Lincoln Church's Historic Bells Silenced For Maintenance

June 16, 2021, 7:39 p.m. ·

Kathie Johnson and the out-of-comission carillon at the top of "The Singing Tower"
Kathie Johnson and the out-of-comission carillon atop "The Singing Tower"

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Under normal circumstances, the massive and historic carillon bells of First Plymouth Church can be heard resonating throughout the south Lincoln neighborhood they call home. Today, however, the bells are silent while workers refurbish them for the first time since 1990.

Kathie Johnson is the church’s volunteer carillon player and said she learned to play from her husband Ray Johnson, the church’s former carillon player.

“I met my husband in 68’, '' Johnson said. “He was playing a carillon concert and I came. I was new to town, I wanted to see it. So, I kind of started in '68 and he had a little guild, people that wanted to learn to play and so I did that.”

After Mr. Johnson passed away, Kathie took up the mantle.

“I just didn’t find anybody who wanted to stay with this, '' said Johnson. “You have to have a love and a passion to do this, to go up all the steps,” she chuckled.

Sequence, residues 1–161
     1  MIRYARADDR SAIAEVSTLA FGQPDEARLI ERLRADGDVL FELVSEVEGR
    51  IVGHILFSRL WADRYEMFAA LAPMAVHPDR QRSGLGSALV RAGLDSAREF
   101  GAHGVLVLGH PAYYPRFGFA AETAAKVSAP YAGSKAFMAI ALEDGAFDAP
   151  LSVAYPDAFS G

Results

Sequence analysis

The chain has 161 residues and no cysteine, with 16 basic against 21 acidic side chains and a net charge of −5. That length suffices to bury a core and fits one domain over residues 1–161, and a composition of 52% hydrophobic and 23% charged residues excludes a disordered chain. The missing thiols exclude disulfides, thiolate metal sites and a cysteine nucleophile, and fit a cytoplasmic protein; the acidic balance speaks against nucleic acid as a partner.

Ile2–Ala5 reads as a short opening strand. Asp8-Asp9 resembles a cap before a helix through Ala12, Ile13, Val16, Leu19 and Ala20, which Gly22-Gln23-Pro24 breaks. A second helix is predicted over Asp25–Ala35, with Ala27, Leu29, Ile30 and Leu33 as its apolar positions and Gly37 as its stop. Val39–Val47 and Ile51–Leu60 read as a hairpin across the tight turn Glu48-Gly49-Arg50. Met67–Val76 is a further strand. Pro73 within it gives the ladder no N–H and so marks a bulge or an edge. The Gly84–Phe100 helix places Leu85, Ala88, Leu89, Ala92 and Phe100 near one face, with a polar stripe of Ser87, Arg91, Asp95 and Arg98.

She isn’t kidding.

The ladder
A small ladder fixed to a wooden platform leading the carillon room. Photo by William Padmore

When the bells are operational, Johnson, 74, walks the 100 steps of the bell tower’s narrow, 91-year-old staircase; onto an old wooden platform and up a small ladder to reach the piano-like instrument at the top of the tower. There, through the carillon’s system of wires, levers, and clappers, she's played the appropriate tunes for weddings, funerals, regular service, and anything in between.

A responsibility she enjoyed.

”I’ve got a knee replacement, but I still climb the steps,” said Johnson.

There are currently 57 bells suspended in the 171 feet tall “Singing Tower”, with the largest weighing close to 4600 lbs. Johnson says the oldest of the bells were ordered from England and have been in the tower since the church’s completion in 1931.

“And remember, this was done during the (Great) Depression,” says Johnson. “They were able to put enough money together to do this carillon a dollar at a time.”

While the bells are being worked on, Johnson must practice on a smaller set. Maintenance on the bells is expected to be complete in September.